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Payroll Tax Deferral

On August 8th, 2020, the president signed four executive orders have a direct impact on unemployment insurance benefits, evictions, student loans, and payroll taxes.

Here’s a Brief Summary

  1. Lost Wages Assistance (LWA) Program- The executive order provides federally funded supplemental unemployment benefits of $300 a week and requires the state to cover an additional supplemental payment of $100. The program end date is no later than December 27, 2020, and finds were cleared for the first three weeks of August. However, it is unclear if additional weeks of assistance will be provided or how long funds will be available. You may be eligible for LWA benefits if (1) your weekly unemployment benefit is $100 or more and (2) you are unemployed or working fewer hours due to disruptions caused by COVID-19. At this time only seven states have implemented this order, including Arizona, Louisiana, Massachusetts, Missouri, Montana, Tennessee, and Texas. They are currently distributing payments. All other states are in the application process. Only one state has declined, South Dakota.
  2. Evictions Moratorium -The CARES Act prohibited eviction moratorium, for renters receiving federal housing assistance or federally financed properties, that expired on July 24th. The executive order doesn’t extend the moratorium or provide additional funding. It only orders a review of existing resources to prevent evictions and foreclosures.
  3. Student Loans -The executive order extends the deferment on student loan repayment until December 31, 2020. This applies to student loans held by the U.S. Department of Education.
  4. Payroll Tax Deferral – The executive order includes a “payroll tax holiday” for the last four months of 2020. It only applies to the employee’s share of social security taxes.

How will the payroll tax deferral impact you?

The executive order for payroll tax deferral went into effect on Tuesday, September 1, 2020. It allows for the suspension of a portion of payroll tax withholding that would result in an increased paycheck for employees that make less than $104,000 a year. The suspended payments will not be forgiven or waived, only deferred. It would only provide temporary relief as it must be paid back in the first quarter of 2021.

Payroll taxes include FICA taxes that are deducted from employee’s paychecks. FICA tax consists of both a 12.4% Social Security tax and 2.9% Medicare tax. Both the employer and the employee contribute an equal amount to the payment of these taxes. This payroll tax deferral would only apply to the employee portion of the Social Security tax, which is 6.2%.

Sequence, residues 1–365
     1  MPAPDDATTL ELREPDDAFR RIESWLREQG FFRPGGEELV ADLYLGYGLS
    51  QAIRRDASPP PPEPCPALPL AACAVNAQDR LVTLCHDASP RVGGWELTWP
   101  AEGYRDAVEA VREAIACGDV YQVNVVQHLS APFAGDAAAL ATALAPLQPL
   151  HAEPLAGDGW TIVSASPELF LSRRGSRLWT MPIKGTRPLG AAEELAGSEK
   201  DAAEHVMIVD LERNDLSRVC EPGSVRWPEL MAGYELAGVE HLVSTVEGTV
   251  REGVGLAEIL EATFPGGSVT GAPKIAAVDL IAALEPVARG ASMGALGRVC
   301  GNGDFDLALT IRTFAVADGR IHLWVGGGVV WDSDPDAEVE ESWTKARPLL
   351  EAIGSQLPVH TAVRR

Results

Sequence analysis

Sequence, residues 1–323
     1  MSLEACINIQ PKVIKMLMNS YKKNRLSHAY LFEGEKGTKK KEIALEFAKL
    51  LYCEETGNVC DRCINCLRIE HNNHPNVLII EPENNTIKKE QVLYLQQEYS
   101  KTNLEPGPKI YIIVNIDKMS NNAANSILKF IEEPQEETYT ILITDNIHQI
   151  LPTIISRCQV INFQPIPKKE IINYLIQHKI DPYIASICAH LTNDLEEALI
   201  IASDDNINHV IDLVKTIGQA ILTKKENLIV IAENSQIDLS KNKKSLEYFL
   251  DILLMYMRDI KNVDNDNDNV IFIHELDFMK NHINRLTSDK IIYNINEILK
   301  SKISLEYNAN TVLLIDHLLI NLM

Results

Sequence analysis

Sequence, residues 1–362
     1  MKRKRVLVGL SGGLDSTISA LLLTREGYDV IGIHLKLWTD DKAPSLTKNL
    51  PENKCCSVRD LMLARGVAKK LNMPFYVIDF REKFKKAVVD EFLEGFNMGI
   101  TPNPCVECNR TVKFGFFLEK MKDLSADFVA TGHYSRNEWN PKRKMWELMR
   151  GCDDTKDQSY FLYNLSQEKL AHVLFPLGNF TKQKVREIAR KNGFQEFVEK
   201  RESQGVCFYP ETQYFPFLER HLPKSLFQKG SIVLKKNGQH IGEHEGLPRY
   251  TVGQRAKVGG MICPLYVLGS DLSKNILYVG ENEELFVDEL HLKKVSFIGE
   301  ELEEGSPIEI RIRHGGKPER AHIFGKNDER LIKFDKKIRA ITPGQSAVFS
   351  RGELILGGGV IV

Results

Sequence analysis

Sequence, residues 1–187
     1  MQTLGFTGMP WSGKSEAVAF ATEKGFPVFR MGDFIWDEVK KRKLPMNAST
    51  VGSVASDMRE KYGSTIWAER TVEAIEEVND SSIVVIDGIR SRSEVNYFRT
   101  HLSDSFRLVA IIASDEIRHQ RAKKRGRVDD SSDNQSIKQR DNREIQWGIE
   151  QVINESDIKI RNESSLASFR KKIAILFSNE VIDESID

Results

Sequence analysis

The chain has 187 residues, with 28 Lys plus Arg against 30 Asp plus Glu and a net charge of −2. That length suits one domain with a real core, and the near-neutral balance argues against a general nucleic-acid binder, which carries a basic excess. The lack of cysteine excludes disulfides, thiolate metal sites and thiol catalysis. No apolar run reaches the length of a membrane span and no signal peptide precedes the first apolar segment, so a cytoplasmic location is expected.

Guidance on Payroll Tax Deferral

On August 28th the Treasury Department and the Internal Revenue Service released guidance that implements presidential memorandum to defer payroll taxes. Here’s what you need to know:

  • Tax deferral is optional, implementation is not required by the employer
  • Deferral only applies to the employee’s share of social security tax. (Employers can elect to defer their portion of payroll taxes under a CARES Act provision)
  • Deferral only applies to wages that are less than $4,000 biweekly ($104,000 per year). It is not available to any employee that earns $4,000 or more bi-weekly.
  • The deferral only applies to wages in the period beginning September 1, 2002, and ending December 31, 2020.
  • The employer is responsible for collecting and paying the tax back. Employers must withhold and pay deferred tax between Jan 1, 2021, to April 30, 2021. Alternative arrangements are allowed.
  • Unpaid deferred tax will begin to accrue interest and penalties on May 1, 2020.
  • The payroll tax deferral isn’t available to self-employed individuals.

As noted above the deferral applies to a biweekly wage of less than $4,000 (or weekly wage Of $2,000) which means that the maximum deferral comes out to $124 for each week from now to the end of the year. This adds up to $2,232 in the 18 week deferral period. This amount will have to be repaid at the beginning of 2021, which means smaller paychecks at the start of the new year. The employer could take out double your regular Social Security contribution. For example, if social security withholding is normally $248 from your biweekly wage of $4,000. Then your employer may need to increase your contribution to $496 to pay deferred taxes owed.

The newly issues guidance leaves some question unanswered, such as:

  • Can the employee opt-out if the employer decides to implement the payroll tax deferral?
  • What arrangements can be made to collect and pay the deferred payroll taxes? What arrangements can be made to collect and pay the deferred payroll taxes for employees that are not on the payroll for 2021?
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